Artichokes Natures Aphrodisiac

        An Aphrodisiac: arouses or intensifies sexual desire.

The name aphrodisiac is derived from Aphrodite, the Greek goddess of love and beauty. From ancient times, there have been foods that were believed to increase sexual prowess and desire, and food historians tell us that ancient Greeks were not immune to promises of improved performance and stamina, and heightened pleasure.

The legend of artichokes goes like this, the first artichoke came about because of a lovely girl.  This beautiful young girl lived on the Island of Zinari. The Greek God, Zeus was visiting his brother Poseidon one day when he was leaving, as he emerged from the sea, he spotted this beautiful young girl, Zeus sees the opportunity and seduced her. They got along so well, he decided to make her a goddess, so that she would be closer to his home in Olympia. The young girl became the goddess Cynara and visited Zeus whenever his wife Hera was away. However, the young goddess soon missed her family back on mortal earth. So she would sneak back for a visit. Unfortunately for Cynara, Zeus discovered her escapades. Zeus was enraged. He hurled her back to earth and with a strike of a thunderbolt, and transformed her into the plant we know as the Artichoke. Coincidentally, the Latin name for Artichoke is Cynara Scolymus. Besides their history in Greek mythology, Artichokes have other aphrodisiac qualities, they have a high mineral and trace element content. Artichoke origins dates back to the time of the Greek philosopher and naturalist, Theophrastus (371-287 B.C.), who wrote of them being grown in Italy and Sicily. The Greeks called them kaktos. Globe artichokes are known to have been cultivated at Naples around the middle of the 9th century. Egyptians believed that the artichoke enhanced sexual power and aided in conception. In 16th Century Europe, only men were allowed to consume artichokes because of their reported libido-enhancing qualities. In the 16th century, Catherine de Medici (1519-1589), married to King Henry II (1519-1559), of France at the age of 14, is credited with making artichokes famous. She is said to have introduced them to France when she married King Henry II in the mid 16th century. The French Court considered Katherine De Medici scandalous for eating such a large quantity of artichokes but her husband wasn't complaining. Henry the VIII was extremely fond of artichokes as well.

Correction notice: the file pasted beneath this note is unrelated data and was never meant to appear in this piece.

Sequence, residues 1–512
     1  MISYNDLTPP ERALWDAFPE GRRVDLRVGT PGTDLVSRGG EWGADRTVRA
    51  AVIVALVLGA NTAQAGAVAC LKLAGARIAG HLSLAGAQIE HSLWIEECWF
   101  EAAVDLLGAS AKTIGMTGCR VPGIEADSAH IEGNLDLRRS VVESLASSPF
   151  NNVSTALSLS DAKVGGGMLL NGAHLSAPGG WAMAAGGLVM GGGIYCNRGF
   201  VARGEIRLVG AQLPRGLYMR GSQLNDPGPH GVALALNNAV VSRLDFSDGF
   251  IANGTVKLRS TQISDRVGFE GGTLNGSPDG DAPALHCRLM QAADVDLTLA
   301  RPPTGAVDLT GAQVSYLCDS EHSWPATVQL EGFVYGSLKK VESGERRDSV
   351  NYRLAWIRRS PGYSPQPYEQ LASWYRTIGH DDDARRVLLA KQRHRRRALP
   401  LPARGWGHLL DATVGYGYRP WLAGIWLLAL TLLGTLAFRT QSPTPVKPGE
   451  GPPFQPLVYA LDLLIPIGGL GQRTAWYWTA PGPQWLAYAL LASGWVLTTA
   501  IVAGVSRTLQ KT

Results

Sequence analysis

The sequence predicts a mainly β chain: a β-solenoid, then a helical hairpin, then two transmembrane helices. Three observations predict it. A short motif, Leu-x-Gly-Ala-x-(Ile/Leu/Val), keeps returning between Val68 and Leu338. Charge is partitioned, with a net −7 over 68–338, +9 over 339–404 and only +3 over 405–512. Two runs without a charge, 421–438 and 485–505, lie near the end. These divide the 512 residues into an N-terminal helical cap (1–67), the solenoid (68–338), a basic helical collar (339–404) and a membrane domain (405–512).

The "Book of Nature," by Dr. Bartolomeo Boldo in 1576 said, "Artichokes have the virtue of provoking Venus for both men and women. For women making them more desirable, and helping the men who are in these matters rather tardy." Artichokes were brought to the United States in the 19th century, first to Louisiana by the French and then to California by the Spanish. Today California provides nearly 100% of the U.S. crop. Approximately 80% of that is grown in Monterey County, where Castroville California proclaims itself to be "The Artichoke Center of the World", and holds a huge annual artichoke festival. In 1947 Marilyn Monroe, still going by her given name Norma Jean, was crowned Castroville's first Artichoke Queen. Now it was a surprise to me that, even though we eat it like a vegetable. artichokes, are not really a vegetable. They are the large flower bud, of a kind of thistle in the sunflower family. That's why the artichoke has a slightly nutty flavor. Once the flower matures, the Artichoke becomes inedible so the buds are harvested by hand before the purple flowering. Artichokes are large plants, like sun flowers, they grow three to five feet. They have long, great green leaves and tall stalks, in which the spiky flowers bloom. If Artichokes are allowed to fully bloom, the petals open up to reveal a purple pink flower top.